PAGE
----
But Latin American countries also overwhelmingly voiced concerned about the issue, with only Venezuela listing the global economy as a greater priority (Venezuela is currently in a state of political and economic crisis). While those nations are generally less susceptible to climate change than some regions, residents of Brazil, Chile, Colombia, and their neighbors overwhelmingly voiced concerns about the risk posed to national security.

That could be due to any number of factors, including exposure to extreme weather, such as the recent flooding in Colombia.

“In Latin America the impacts of climate change both in terms of extreme events as well as the intensity and frequency of events has really gained momentum,” Paula Caballero, global director of the climate change program at the World Resources Institute, told the Times.

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Most countries citing climate change as a concern second to ISIS were based in Asia. Jordan, Lebanon, and Tunisia all disproportionately named the extremist group as a security threat, a concern likely influenced by ongoing attacks and violence in the Middle East and North Africa. Still, much like other regions, climate change still came in a close second for many Asian nations. Others were more concerned with different regional dynamics — China’s influence concerns South Koreans, while Japan is alarmed by cyberattacks.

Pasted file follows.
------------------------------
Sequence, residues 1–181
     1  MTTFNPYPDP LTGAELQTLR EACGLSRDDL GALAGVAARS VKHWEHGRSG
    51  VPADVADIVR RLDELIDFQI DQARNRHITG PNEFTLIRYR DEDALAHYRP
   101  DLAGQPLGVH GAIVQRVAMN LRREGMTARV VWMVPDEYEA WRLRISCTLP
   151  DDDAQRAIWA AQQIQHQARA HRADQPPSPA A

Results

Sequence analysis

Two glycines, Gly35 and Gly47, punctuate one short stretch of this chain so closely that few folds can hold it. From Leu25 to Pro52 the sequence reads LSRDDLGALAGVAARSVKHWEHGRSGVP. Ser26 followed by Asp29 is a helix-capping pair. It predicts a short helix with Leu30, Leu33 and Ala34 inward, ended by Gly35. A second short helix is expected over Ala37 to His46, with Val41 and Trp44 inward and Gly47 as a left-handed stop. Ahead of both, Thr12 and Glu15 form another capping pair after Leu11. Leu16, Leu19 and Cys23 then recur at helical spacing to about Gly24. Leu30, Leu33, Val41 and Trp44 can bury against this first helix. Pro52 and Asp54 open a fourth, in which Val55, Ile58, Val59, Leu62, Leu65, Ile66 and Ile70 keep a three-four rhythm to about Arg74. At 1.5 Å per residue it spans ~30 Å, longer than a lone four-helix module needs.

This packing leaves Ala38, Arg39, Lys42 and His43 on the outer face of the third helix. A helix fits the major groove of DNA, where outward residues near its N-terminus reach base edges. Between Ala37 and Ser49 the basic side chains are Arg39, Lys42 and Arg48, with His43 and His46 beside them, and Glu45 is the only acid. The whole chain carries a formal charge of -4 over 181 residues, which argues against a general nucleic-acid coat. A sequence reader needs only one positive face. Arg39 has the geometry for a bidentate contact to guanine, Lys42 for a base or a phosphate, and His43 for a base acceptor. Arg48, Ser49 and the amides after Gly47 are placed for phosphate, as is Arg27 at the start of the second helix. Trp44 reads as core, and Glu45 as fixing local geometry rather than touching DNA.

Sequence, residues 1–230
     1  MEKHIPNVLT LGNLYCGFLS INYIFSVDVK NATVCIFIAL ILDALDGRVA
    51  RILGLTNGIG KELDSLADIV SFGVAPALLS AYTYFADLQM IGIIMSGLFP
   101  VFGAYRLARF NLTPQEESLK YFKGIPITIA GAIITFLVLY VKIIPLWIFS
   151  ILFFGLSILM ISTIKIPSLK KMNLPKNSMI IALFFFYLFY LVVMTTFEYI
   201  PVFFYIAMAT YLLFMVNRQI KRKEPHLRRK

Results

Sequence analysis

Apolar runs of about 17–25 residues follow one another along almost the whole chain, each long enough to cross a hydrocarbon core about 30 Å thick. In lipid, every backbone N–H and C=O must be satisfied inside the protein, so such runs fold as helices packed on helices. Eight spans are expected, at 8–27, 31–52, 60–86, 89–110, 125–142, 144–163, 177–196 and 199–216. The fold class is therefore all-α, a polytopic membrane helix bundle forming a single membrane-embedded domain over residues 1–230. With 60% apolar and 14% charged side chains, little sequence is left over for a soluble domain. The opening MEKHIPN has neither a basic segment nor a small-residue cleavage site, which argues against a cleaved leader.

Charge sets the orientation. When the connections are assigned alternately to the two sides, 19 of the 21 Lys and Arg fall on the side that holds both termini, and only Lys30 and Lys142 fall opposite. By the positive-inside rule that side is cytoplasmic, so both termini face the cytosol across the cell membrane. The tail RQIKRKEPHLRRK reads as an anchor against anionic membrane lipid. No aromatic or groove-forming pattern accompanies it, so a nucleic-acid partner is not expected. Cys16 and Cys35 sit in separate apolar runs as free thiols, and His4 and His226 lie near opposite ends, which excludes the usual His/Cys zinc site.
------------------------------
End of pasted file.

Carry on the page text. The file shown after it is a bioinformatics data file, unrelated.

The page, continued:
Cyberattacks also ruled the day in the United States, coming in second only to ISIS. Only 56 percent of U.S. respondents said climate change was a major threat to national security. That could be a reflection on contemporary politics. President Donald Trump has notably withdrawn the United States from the Paris climate agreement, while making efforts to revive the country’s dying coal industry. At the same time, cybersecurity has become a more pressing concern for Americans, amid ongoing news coverage of Russian hacking efforts during the 2016 presidential election.

While virtually all countries surveyed expressed alarm over climate change, coal and oil exporting nations sounded a more muted note than their counterparts.

While virtually all countries surveyed expressed alarm over climate change, coal and oil exporting nations sounded a more muted note than their counterparts. Despite pressing climate concerns in Asia, the issue came in second for India and third for Indonesia, where coal reigns.

In oil giant Russia, meanwhile, climate change barely seemed to register, despite the nation’s support for the Paris agreement. Russians ranked climate change the fifth biggest threat to national security — after ISIS, the economy, refugees, and the influence of the United States.

Climate change cited as a leading national security threat around the world was originally published in ThinkProgress on Medium, where people are continuing the conversation by highlighting and responding to this story.